If you're going to learn about databases, you need more than just understanding databases: you also have to know how to use them. A good database course explains the fundamental concepts while preparing you to get your hands dirty with data.
An introductory database course would start with the basic terminology and concepts of databases, like the language many databases use: the Structured Query Language (SQL). After that, you'll want to move on to a course that explains MySQL, which isn't a language but is a software system for managing databases (DBMS) that powers the vast majority of databases in the world.
Once you've got the basics of databases, SQL, and DBMSs down, you need to start choosing database courses based on what roles and responsibilities you foresee needing as a database administrator.
Database administrators need generic knowledge of languages and systems, but they also need to be able to apply that knowledge in specific environments and ecosystems. For instance, Azure SQL and Google Cloud SQL are highly similar data environments, but if an employer uses one over the other, you should learn the one that will lead to job opportunities.
Certifications That Cover Database Basics
In the IT world, earning a certification is a way to demonstrate a certain amount of knowledge and expertise. Maintained by trusted organizations and vendors of database hardware and software, there are database certifications designed to prove familiarity with database technologies and management at nearly any level of expertise.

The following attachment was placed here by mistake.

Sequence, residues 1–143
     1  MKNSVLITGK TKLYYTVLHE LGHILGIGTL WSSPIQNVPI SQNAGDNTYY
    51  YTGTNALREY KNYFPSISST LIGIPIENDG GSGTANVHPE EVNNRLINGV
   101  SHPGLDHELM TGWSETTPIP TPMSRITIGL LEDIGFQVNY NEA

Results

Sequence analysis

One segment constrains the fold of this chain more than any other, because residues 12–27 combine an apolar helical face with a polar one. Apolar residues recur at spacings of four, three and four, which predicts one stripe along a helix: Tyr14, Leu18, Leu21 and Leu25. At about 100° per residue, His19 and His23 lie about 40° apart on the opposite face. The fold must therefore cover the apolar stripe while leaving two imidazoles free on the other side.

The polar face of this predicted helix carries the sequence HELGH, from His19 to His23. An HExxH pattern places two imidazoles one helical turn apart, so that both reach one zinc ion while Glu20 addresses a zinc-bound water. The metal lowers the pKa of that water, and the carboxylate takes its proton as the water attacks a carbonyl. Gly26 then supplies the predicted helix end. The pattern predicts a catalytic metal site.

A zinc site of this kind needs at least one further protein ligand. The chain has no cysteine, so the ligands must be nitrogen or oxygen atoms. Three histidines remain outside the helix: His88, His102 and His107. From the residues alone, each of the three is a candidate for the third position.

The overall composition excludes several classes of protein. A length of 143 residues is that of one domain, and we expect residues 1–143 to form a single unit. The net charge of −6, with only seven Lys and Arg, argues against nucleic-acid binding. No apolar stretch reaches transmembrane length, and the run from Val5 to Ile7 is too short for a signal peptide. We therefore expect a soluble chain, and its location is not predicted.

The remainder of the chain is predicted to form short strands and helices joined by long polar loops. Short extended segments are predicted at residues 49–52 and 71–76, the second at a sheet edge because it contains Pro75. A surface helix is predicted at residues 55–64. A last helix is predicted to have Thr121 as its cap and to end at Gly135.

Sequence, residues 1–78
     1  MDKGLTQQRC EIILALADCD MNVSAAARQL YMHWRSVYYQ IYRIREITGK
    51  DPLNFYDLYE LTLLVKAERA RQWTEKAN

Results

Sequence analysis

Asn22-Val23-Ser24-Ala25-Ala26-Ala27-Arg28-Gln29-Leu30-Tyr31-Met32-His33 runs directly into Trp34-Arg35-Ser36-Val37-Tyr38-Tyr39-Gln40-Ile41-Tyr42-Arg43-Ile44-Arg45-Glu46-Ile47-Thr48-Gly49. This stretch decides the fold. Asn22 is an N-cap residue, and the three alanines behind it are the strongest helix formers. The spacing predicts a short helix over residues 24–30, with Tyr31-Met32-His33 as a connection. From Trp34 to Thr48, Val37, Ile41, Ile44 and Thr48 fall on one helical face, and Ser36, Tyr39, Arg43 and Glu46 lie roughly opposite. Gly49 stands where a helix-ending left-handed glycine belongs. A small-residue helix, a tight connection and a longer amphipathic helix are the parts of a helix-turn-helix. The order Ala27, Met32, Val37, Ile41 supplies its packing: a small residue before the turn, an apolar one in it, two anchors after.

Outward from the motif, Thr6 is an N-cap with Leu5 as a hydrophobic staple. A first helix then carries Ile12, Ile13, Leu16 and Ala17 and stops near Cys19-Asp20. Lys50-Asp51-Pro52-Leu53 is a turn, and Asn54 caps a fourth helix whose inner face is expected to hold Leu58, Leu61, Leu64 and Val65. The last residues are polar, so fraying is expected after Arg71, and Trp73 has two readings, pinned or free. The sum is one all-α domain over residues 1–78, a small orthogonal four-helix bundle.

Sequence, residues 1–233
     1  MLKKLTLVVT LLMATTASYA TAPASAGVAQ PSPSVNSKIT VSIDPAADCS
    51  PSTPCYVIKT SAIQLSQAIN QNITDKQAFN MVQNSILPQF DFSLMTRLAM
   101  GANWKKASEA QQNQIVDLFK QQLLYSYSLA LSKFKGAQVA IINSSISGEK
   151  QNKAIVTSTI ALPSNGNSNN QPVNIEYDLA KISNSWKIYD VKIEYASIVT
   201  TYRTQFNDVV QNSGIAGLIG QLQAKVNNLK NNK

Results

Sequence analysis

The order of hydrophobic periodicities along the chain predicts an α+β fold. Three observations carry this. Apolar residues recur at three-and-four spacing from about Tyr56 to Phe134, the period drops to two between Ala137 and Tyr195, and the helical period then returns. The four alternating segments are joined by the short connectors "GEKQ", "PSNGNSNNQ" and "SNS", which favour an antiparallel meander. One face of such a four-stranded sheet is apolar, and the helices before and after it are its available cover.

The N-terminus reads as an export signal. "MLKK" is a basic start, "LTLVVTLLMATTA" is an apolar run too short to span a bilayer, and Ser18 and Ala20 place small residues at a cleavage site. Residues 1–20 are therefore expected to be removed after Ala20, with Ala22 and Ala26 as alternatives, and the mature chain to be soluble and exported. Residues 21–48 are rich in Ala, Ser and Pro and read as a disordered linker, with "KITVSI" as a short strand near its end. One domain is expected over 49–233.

Here are some of the recommended database certifications for relative newcomers:
Oracle Database SQL Certified Associate: The perfect introduction for new database users who want to master the essentials, the OCA is an entry-level certification for data analysts and would-be database administrators. It emphasizes familiarity with the Oracle "flavor" of SQL, a commonly used variant.
Microsoft MTA: Database: Although it is now retired as a certification, the information covered by the MTA: Database Fundamentals is still essential ground-floor knowledge for someone who wants to work with databases. Microsoft networks interact with data in particular ways, and it's a highly valuable skill to understand how to manage that relationship, which you can do by preparing for the MTA.
AWS Certified Database - Specialty: The AWS Database specialty cert is meant to represent five years of hands-on experience with AWS databases, so although it's not meant for brand new DBAs, it's an excellent resource for anyone considering a career working with databases. It validates familiarity with on-prem and AWS cloud-based relational and on-relational databases.
Data is one of the most important currencies for companies in the modern world, and databases are the vaults where that currency is stored and protected. Starting a career in database administration can lead to rewarding and interesting careers.
But don't stop at databases! There are many other categories of IT to consider if you're looking into careers. Check out all our available Intro to IT training and find out what best suits your skills and interests.